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Clock Ticks as Argentina's Macri Asks Congress to OK Creditors Deal

Argentina's President Mauricio Macri gestures as he speaks during the opening session of the 134th legislative term at the Congress in Buenos Aires, Argentina, March 1, 2016.
Argentina's President Mauricio Macri gestures as he speaks during the opening session of the 134th legislative term at the Congress in Buenos Aires, Argentina, March 1, 2016.

Argentine President Mauricio Macri on Tuesday urged Congress to approve a landmark deal reached with creditors over defaulted debt, in order to comply with a U.S. court deadline and permit access to the financing needed to jumpstart Latin America's third largest economy.

Macri, less than three months in office, is likely to cobble together the votes needed to implement the deal announced on Monday to pay $4.65 billion "holdout" hedge funds that rejected steep cuts in repayment terms offered in the country's 2005 and 2010 bond restructurings.

The question is whether Congress will pass the deal before an April 14 deadline set by the U.S. court hearing the case.

Adding to the urgency, the local peso is plumbing record lows, 30-percent inflation is squeezing consumers, and Macri's approval ratings have taken a hit as he cuts the public payroll.

"We have been in default since 2002," Macri said. "I am counting on this Congress to end this conflict, which has lasted 15 years. I am sure you will meet this responsibility."

As he spoke, the local currency hit an all-time low of 16 to the U.S. dollar. Macri's address to both houses of Congress was interrupted by applause from allies and heckling from foes.

Some held up signs saying "Destruction of the State", in reference to recent public sector job cuts, and "Don't Mortgage the Future". The opposition is against Argentina's return to the global bond market, fearing a steep increase in indebtedness.

The country must settle the court case in order to launch Macri's economic recovery program. Elected in November on a free markets platform, he has lifted many of the controls that previous President Cristina Fernandez had put on the economy.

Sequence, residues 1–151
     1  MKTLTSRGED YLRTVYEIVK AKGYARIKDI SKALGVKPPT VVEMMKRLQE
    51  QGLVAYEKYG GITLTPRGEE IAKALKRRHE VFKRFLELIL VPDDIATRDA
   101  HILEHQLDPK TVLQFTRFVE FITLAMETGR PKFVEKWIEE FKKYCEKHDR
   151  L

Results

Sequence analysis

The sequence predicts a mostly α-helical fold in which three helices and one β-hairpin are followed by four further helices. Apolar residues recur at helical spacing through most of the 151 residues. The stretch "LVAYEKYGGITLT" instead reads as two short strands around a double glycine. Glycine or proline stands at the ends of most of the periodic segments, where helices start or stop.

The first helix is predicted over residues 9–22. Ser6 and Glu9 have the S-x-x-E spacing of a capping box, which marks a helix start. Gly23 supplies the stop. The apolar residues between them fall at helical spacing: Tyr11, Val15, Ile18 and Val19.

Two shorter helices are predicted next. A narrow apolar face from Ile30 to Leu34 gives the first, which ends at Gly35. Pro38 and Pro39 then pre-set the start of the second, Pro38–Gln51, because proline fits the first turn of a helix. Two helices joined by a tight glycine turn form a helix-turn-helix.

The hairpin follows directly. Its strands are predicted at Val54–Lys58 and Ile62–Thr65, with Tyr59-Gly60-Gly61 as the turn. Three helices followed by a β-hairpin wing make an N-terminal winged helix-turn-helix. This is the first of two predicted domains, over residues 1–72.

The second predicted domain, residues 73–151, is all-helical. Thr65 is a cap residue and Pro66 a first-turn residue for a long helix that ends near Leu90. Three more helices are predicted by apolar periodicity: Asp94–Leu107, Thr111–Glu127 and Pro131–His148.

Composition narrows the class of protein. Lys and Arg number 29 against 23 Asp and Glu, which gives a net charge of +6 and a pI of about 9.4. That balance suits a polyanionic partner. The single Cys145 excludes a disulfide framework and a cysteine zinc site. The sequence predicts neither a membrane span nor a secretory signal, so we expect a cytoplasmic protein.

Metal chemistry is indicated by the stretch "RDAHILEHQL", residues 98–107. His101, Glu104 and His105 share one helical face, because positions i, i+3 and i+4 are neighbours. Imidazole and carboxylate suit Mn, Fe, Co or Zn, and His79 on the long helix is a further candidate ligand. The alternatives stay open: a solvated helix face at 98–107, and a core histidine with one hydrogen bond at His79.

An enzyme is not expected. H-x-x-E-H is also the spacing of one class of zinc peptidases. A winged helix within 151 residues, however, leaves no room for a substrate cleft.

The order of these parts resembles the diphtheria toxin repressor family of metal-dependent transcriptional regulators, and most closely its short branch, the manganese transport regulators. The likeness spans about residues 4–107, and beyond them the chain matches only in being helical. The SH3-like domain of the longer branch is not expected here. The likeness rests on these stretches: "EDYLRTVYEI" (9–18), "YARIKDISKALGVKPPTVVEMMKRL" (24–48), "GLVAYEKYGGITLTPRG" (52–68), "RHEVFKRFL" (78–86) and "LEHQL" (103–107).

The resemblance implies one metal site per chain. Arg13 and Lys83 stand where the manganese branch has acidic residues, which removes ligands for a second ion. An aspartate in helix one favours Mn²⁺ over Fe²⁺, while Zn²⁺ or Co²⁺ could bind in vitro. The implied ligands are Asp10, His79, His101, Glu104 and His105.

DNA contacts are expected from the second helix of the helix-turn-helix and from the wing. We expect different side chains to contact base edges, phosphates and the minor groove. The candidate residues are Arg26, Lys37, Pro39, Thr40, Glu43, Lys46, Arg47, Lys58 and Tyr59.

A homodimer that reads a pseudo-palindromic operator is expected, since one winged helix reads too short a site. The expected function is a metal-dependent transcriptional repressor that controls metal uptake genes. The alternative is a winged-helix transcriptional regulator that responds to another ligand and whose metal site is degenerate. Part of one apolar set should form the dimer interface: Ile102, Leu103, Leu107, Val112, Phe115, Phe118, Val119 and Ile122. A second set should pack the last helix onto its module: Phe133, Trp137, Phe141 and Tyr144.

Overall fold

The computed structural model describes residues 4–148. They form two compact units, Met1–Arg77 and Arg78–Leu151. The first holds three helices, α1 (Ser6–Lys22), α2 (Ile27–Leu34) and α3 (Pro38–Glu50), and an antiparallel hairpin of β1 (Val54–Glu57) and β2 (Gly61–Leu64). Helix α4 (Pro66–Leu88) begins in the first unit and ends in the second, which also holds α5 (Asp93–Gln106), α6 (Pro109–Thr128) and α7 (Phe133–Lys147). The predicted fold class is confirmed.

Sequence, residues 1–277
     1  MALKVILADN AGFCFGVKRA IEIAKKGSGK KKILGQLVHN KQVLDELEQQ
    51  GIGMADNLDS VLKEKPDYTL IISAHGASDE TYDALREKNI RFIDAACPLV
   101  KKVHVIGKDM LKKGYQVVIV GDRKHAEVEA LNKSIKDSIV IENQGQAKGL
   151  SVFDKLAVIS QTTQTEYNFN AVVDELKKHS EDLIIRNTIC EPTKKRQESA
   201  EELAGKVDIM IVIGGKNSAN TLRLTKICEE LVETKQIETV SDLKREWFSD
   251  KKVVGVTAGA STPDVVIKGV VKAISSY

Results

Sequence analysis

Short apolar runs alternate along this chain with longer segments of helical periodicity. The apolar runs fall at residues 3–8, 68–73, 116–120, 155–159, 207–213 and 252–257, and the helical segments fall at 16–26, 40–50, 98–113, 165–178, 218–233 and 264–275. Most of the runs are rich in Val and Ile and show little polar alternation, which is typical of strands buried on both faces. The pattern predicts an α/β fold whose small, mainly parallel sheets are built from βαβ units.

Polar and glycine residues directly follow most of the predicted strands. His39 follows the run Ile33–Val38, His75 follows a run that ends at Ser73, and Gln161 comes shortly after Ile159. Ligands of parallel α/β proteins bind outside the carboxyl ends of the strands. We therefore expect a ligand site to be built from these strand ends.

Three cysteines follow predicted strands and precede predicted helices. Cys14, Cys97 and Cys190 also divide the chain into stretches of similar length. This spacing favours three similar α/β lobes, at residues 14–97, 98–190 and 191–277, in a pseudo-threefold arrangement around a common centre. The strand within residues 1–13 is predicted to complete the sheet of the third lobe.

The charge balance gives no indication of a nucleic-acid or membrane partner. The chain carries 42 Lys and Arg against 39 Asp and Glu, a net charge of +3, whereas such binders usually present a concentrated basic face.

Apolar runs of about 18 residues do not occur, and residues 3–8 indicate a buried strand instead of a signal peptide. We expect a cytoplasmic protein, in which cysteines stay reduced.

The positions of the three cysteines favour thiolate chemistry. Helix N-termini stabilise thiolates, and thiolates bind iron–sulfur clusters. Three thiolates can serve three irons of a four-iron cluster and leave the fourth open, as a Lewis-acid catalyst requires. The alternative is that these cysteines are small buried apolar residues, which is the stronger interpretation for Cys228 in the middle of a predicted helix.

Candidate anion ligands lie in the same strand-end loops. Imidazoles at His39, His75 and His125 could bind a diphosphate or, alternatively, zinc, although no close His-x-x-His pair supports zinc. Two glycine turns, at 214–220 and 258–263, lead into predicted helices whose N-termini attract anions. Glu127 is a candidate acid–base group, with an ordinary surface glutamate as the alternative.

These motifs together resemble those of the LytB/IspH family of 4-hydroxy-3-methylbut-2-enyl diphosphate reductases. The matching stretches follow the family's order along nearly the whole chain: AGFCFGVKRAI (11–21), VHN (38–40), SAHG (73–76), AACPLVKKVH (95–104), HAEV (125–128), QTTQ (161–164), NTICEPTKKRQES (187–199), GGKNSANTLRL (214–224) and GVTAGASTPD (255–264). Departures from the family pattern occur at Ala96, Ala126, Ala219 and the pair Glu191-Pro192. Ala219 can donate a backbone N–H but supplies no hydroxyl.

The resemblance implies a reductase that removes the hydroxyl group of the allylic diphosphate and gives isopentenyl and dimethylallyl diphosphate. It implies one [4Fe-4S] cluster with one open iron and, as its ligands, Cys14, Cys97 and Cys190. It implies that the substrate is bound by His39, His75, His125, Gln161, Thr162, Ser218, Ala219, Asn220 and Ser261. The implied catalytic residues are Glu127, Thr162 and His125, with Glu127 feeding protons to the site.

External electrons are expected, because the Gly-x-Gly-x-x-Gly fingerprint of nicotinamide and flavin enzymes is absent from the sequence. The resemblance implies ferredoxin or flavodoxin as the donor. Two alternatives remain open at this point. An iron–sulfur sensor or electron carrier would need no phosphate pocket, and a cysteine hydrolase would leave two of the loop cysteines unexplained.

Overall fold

Miguel Angel Pichetto, a leader of moderate Peronists in the Senate, said earlier that the proposed deal with holdouts will not go to an immediate vote.

"The bill has to be studied carefully," he said, adding that he is likely to vote in favor.

Provincial governors, desperate for money needed to restore crumbling roads, are lobbying the Senate in favor of the deal.

But Senator Maria de los Angeles Sacnun, a staunch Fernandez ally, called the deal "an intrusion of our sovereignty."

The U.S. judge hearing the creditors' case said last month that he wants Congress to repeal the law banning the government from offering better terms than those included in Argentina's 2005 and 2010 debt restructurings. The holdouts rejected those restructurings and sued for full repayment in the U.S. courts.

The government wants to issue two or three new sovereign bonds on international markets for a total of up to $15 billion in April if lawmakers are swift in backing the accord.

Analysts and administration officials say he can get the support he needs in the lower house of Congress, where his coalition has the biggest minority and no party has a majority.

Fernandez's allies will nonetheless put up a fight.

"Now the extortion has been put before Congress," house member Axel Kicillof, who served as Fernandez's economy minister, wrote in an editorial.

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